• Thanks Anna – some good points there. I agree, the idea of a class full of students staring at their iPads for an hour and half doesn’t sound great in terms of actual language learning. Beyond IWB software and classroom management tools like Nearpod, has anyone ever done a really decent digital product designed specifically to enhance learning in the classroom? Yet another question/challenge to add to my list, I think!

      I agree there’s no good reason why print coursebooks shouldn’t continue to have a place – but I think they’re simply going to fall victim to the tide of history, despite that.

      And yes, when I say ‘iPad’, I really mean ‘tablet’. It’s just that the vast majority of tablets being used are iPads (still).

      • Laurie, this is an excellent article which raises some very salient points. I agree that ideally an e-textbook should not simply be a “replica” of a traditional print textbook (it is a question I’ve been raising in a professional capacity for some time) – it should add value and provide user functionality that a traditional textbook does not. Also, as you say what this might look like in future would benefit from educational technology/publishing companies drawing on the expertise of tech-savvy teachers who have already experimented with technology in the classroom and have “hands on” experience of any issues raised, what works and what is “ideally” needed.
        I, for one, am very interested to see how this all pans out over the next few years (from a professional and personal point of view – I have a young child). As to whether or not all this means the demise of the traditional textbook, I feel that you are probably right even though I would like to think that a blended solution will prevail at least for a while to come.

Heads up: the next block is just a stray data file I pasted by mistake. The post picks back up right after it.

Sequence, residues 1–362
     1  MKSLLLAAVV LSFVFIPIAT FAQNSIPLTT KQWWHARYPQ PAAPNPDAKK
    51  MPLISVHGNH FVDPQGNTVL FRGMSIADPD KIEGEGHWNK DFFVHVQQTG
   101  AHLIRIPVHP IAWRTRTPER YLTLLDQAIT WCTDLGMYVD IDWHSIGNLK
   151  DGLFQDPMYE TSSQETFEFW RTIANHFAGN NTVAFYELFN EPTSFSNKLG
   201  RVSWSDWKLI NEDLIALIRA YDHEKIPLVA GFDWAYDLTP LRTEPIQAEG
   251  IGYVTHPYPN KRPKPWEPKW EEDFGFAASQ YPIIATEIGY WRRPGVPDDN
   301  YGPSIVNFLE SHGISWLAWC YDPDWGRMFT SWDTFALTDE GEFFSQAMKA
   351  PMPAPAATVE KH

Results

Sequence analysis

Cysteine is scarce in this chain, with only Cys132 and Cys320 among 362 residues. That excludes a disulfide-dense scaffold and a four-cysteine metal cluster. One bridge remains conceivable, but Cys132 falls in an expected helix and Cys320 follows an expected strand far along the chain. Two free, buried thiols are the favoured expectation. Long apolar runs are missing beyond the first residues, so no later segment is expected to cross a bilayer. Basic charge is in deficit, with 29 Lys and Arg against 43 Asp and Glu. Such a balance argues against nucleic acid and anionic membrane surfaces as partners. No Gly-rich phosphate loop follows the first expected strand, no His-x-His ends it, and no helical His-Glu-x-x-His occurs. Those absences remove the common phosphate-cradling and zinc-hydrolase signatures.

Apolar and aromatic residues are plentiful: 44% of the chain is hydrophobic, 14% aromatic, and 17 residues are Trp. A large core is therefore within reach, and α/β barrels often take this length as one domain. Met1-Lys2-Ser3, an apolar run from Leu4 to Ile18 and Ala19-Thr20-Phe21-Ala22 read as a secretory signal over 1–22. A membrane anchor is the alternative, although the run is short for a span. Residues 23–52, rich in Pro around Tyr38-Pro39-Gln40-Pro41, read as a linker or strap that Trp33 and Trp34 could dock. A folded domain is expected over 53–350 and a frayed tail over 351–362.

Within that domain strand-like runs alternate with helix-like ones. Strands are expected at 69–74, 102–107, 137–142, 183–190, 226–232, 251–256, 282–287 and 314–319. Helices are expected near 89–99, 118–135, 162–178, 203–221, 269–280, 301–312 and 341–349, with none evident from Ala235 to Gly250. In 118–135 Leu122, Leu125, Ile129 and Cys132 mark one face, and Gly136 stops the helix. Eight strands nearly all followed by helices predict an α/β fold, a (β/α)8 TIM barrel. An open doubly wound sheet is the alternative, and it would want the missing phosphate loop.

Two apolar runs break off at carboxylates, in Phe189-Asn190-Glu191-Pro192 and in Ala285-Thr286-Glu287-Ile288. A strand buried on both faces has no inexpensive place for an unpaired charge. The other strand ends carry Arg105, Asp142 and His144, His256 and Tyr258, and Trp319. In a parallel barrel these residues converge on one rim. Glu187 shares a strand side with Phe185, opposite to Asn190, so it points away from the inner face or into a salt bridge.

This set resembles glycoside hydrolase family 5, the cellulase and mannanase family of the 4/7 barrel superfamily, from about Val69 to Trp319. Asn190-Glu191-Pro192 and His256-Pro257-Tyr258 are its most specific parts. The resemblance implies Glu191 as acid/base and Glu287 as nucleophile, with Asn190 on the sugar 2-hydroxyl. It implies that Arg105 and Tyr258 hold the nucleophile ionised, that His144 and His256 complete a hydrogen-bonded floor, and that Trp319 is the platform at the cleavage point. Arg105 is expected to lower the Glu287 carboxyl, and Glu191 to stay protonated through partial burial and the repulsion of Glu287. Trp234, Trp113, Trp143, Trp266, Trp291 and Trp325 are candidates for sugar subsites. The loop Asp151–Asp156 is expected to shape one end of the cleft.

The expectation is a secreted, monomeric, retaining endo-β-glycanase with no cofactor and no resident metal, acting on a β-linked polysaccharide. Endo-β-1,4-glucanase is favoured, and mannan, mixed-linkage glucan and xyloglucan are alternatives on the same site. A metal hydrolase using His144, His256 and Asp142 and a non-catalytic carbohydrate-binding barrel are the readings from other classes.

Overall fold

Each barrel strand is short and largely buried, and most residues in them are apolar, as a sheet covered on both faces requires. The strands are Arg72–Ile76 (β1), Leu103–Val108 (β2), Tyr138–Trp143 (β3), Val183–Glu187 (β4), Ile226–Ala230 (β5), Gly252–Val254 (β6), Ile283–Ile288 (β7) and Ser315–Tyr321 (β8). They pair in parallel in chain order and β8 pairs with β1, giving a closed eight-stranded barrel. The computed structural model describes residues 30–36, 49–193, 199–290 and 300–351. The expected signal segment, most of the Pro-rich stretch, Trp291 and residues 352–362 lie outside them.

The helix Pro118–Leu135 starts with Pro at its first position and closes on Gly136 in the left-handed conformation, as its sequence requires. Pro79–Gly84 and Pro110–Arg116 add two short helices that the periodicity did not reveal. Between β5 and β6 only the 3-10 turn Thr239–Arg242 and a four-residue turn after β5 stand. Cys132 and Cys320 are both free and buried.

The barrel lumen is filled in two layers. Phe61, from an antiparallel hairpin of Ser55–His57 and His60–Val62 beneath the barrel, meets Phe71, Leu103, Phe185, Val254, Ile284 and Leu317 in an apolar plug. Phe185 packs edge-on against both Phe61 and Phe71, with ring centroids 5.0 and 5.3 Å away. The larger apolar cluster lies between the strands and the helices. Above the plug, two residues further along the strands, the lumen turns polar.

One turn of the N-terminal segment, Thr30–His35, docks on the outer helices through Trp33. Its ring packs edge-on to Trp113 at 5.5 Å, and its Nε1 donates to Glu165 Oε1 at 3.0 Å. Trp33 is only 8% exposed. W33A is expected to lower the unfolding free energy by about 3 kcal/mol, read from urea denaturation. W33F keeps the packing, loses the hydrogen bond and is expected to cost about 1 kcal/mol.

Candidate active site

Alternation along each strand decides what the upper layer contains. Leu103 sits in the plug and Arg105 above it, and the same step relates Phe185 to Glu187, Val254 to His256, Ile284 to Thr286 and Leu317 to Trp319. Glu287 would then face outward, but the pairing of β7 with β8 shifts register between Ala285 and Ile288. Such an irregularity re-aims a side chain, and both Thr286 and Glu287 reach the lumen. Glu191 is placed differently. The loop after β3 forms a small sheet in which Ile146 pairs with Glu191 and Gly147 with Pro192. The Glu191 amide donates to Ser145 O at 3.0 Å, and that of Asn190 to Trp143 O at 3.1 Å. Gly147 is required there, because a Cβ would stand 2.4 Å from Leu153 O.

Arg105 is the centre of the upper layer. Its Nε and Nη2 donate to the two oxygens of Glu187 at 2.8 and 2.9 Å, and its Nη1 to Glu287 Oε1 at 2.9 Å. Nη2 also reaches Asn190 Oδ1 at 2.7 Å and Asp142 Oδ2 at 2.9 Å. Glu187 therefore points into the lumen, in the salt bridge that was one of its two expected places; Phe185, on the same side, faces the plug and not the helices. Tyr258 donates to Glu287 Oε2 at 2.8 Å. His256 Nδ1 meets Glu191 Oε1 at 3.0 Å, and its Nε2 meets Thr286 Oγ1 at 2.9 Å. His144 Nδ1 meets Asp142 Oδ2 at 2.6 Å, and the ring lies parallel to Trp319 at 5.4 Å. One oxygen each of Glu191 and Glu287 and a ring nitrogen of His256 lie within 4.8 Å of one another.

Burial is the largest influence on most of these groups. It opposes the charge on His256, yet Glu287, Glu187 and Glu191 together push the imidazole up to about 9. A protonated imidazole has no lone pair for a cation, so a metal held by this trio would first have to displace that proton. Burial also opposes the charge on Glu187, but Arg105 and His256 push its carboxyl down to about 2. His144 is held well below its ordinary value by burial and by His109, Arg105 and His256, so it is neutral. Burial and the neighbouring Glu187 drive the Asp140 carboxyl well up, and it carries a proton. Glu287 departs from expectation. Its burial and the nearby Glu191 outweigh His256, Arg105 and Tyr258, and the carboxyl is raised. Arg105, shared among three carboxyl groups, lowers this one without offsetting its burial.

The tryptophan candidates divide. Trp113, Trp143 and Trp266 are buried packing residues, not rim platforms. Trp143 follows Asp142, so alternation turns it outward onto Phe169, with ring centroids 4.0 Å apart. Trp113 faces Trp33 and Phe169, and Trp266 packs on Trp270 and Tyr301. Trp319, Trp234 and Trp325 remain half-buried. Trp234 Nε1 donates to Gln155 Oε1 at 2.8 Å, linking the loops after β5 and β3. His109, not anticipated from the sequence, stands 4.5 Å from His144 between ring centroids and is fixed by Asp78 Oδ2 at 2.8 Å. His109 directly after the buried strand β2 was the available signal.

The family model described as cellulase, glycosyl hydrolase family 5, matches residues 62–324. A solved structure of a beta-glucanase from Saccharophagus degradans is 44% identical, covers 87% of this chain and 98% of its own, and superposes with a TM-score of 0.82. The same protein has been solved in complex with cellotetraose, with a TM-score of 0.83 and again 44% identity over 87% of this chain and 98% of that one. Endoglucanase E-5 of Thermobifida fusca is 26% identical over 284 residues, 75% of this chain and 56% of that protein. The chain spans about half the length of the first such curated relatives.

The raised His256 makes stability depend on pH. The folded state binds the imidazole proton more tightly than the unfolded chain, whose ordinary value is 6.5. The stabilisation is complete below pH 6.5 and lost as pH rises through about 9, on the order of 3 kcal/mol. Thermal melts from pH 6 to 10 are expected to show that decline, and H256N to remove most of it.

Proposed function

2. Depending from which corner of the world you are writing from, the digital revolution with classes of tablets has already arrived and it is generally accepted that the digital classroom will arrive in good time. To suggest that there is a rush of publishers developing coursebooks in ebook format is a trifle premature – I know of just one publisher developing just one coursebook – and the suggestion that the world is ready to keep taking the tablets overlooks a few basic facts:
    1. Teacher training requirements
    2. Teacher resistance – admittedly a generation issue
    3. Speed and breadth of broadband required – even in Europe
    4. Funding for the end-user – rich and poor students, rich and poor schools.
    5. Comparative replacement costs if a tablet or coursebook is lost, stolen or damaged.
    6. BEBC’s sales of digital products account for less than 2% of turnover – and that includes books on teaching with interactive whiteboards. (BEBC sells over £5m worth of ELT material per annum)